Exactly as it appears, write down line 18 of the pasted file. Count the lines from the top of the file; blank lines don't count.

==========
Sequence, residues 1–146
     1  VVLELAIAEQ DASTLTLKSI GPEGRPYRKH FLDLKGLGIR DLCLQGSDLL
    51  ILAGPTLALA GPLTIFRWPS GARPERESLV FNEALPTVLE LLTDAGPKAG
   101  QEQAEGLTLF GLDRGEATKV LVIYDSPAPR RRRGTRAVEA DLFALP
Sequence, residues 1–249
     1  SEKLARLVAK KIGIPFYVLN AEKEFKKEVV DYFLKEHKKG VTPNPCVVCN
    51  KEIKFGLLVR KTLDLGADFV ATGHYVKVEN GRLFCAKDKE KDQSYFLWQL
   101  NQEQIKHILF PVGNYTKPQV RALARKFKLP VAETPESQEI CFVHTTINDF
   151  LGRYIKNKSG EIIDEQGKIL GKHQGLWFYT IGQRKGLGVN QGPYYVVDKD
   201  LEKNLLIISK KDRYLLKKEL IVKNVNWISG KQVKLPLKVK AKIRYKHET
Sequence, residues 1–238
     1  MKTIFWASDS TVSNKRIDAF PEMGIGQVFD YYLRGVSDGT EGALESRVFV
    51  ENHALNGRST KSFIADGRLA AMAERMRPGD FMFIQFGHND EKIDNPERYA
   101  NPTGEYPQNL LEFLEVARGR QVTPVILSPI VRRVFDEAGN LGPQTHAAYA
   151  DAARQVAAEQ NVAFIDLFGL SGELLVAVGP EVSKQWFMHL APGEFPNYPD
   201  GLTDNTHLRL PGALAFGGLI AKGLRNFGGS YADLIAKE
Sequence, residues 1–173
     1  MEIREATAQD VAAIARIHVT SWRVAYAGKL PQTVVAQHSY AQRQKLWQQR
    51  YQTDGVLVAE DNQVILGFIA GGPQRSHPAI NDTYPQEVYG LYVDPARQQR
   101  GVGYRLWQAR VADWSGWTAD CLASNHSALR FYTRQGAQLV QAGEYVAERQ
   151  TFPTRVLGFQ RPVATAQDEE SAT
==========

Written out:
     1  MEIREATAQD VAAIARIHVT SWRVAYAGKL PQTVVAQHSY AQRQKLWQQR